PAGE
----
You already know I’m a big fan of vintage and thrift shopping. 90% of my wardrobe is second hand clothing, with the exception of a few special pieces. Still, since leaving my office job when I moved to the US, I realized I no longer had a need for the formal and professional clothing that I used to need for running workshops and hosting meetings.
Usually I would just sack up my clothes and donate them — which I still did with a majority of the spoils of my spring cleaning — but I was also intrigued with the idea of making back a bit of cash on some of my nice and rarely-worn pieces. So, I requested a free clean-out kit from ThredUP and got to work.
I started by checking the website to see what brand they accepted. I had a couple of pieces from Canadian companies that didn’t make the list, unfortunately.
Then I washed and pressed each item to make sure they would appear their best.
I made piles and took inventory of everything I was going to send. It was good stuff. I had high hopes.
Here’s the chart that I made so I would be able to cross-reference with ThredUP’s decision.
|Ankle pants||Gap||Green||New, Unworn, tags on|
|Denim mini dress||Gap||Navy denim||Rarely worn|
|Dress, keyhole back||Gap||Purple||Rarely worn|
|Chiffon dress||Gap||Gray||Rarely worn|
|Tweed sleeveless dress||Gap||Navy, gray tweed||Rarely worn|
|Floral sundress||Gap Factory||Pink, floral||Rarely worn|
|Black sundress||Gap Factory||Black||Occasionally worn|
|Floral rayon dress||Banana Republic||Gray, floral||New, Unworn|
|Pleated sundress||American Eagle||Navy, lilac||Occasionally worn|
|French bulldog blouse||Reitmans||Blue, polka dot||Occasionally worn|
|Scissor peplum top||Reitmans||Black and white||Rarely worn|
|Festive sweater||Jessica Simpson||Cream and gold||Rarely worn|
|Striped sundress||Old Navy||Beige, peach||Occasionally worn|
|Crochet flowy top||Old Navy||Blush pink||Rarely worn|
|Polka dot chiffon top||Forever 21||Black and white||Occasionally worn|
|Polka dot satin tank||Jones New York||Navy, gold||Occasionally worn|
|Strappy slide on flip flops||Crocs||Black||New, Unworn|
It took a few weeks to receive a response from ThredUP but eventually I received the much-anticipated email. After sending an estimated $1000 worth of clothing, I was credited with $12.26.
You’ll see that the best stuff gets sold right away while other item(s) get put into the consignment category. You can adjust the listing price lower if you’re so inclined but it does not affect your payout percentage.
It’s disappointing that more pieces weren’t accepted. A couple of the Gap dresses were so beautiful and had only been worn once or twice. I was definitely surprised they didn’t make the cut.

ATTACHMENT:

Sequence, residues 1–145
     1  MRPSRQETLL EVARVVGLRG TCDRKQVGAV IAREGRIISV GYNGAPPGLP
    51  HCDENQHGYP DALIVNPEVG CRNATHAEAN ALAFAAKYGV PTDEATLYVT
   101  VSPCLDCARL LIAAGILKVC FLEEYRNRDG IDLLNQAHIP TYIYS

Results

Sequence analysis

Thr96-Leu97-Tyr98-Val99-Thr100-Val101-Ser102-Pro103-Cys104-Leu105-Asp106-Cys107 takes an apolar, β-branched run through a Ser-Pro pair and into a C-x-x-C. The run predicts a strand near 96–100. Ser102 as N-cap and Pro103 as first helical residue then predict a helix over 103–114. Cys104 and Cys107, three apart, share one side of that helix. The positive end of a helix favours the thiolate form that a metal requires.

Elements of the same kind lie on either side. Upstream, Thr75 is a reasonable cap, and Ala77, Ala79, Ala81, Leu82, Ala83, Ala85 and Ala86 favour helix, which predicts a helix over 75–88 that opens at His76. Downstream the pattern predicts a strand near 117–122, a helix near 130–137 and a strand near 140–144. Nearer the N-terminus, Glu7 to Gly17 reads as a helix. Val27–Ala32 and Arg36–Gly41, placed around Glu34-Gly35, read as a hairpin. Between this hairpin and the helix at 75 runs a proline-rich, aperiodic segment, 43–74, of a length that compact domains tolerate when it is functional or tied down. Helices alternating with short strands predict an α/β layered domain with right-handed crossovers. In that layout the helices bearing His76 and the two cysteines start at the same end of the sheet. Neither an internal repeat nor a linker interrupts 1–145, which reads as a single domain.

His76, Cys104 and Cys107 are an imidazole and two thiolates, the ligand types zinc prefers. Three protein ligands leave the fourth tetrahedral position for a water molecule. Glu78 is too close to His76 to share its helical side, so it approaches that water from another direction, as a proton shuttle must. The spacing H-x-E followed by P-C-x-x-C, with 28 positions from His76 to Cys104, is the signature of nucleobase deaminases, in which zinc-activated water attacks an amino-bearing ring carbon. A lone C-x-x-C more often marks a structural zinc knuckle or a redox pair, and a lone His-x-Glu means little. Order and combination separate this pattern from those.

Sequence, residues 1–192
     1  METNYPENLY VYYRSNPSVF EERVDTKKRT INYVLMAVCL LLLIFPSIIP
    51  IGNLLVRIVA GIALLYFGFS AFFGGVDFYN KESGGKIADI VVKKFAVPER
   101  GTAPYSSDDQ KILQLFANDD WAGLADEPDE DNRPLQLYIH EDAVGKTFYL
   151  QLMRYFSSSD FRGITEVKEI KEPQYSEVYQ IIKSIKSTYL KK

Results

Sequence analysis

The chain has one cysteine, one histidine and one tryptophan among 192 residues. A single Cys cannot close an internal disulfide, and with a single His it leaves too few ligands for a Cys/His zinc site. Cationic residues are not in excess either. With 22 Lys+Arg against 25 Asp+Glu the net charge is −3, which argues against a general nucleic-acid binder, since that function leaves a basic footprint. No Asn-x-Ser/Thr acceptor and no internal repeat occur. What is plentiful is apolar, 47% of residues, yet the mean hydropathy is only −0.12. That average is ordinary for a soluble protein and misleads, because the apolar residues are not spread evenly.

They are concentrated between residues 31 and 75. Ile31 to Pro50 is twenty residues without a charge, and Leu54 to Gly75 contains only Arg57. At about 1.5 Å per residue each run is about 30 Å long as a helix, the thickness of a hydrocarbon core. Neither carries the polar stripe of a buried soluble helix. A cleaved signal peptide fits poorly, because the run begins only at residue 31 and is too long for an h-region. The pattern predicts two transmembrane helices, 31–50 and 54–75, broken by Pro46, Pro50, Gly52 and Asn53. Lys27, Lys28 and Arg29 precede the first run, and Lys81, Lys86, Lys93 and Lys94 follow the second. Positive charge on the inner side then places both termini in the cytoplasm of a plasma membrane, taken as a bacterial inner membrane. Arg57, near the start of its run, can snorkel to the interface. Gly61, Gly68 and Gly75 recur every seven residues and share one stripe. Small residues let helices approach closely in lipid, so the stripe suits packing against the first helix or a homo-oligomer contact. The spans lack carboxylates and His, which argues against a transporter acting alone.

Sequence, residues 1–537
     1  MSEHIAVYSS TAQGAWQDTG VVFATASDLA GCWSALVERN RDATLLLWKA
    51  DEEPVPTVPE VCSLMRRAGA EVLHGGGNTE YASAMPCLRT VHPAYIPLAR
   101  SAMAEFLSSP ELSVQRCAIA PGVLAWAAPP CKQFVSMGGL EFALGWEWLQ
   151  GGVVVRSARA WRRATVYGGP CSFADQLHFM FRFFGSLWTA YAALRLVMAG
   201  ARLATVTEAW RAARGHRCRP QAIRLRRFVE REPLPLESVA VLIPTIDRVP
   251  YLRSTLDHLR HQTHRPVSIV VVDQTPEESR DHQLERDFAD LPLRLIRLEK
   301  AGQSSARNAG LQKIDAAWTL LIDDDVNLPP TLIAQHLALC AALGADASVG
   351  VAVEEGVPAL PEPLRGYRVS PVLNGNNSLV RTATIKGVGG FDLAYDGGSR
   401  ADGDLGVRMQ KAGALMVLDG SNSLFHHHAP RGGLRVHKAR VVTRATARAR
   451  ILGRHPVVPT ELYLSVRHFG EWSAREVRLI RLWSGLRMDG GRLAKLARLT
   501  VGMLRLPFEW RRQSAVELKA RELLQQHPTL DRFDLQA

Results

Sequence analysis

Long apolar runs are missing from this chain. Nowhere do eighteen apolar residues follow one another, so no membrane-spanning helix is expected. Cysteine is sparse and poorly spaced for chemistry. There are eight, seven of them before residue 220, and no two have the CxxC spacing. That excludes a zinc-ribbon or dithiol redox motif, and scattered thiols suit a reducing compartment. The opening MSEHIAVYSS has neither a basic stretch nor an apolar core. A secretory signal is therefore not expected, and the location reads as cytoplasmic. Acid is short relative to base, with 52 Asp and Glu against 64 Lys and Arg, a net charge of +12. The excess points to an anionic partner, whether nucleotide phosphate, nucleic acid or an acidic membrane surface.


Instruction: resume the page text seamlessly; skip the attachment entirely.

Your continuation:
On the other hand, if I had just outright donated them, I wouldn’t have received any money….So there’s that.
If you’re hoping to make some good money with consignment clothing for a handful of pieces, no. You probably have a better chance by going to a local resale or consignment boutique where you can have a real-time, face-to-face conversation with someone who will look over each item and give you honest feedback.
If you are a fashionista with plenty of beautiful, brand-name clothes to pass on, then YES, definitely try it out. Especially if they are in like-new condition and are in-season and on-trend.
I’m somewhere in the middle, personally. If you are like me and just hoping to make sure your clothes can be enjoyed by someone else instead of contributing to a fast-fashion-filled landfill, then yes. At least by using ThredUP you know that the website provides a greater chance of reaching that special someone who is looking for a specific, gently used item.
Since those $12 aren’t going to get very far in rebuilding my wardrobe, it’s going to be a while before I have anything worth going through the effort again. In the meantime, I’ll stick to local charities when I have a piece or two to get rid of.
ThredUP offers the option to return clothing that they don’t accept for their site for an additional fee of $10.99. I opted not to take advantage of this option as I was deep in a spring cleaning mindset and looking more to clear out the house than to make money. It’s fortunate though because if I had, my profit would be a whopping $1.26, which is more than I spent on detergent for all these items.
Ultimately, while this isn’t the service for ME, it might be an okay option for others. My biggest regret from this experience is not learning why specifically my items (that did meet the criteria set forth on the website — ie. worn only once or twice, brand name, on-trend, etc.) did not make the grade.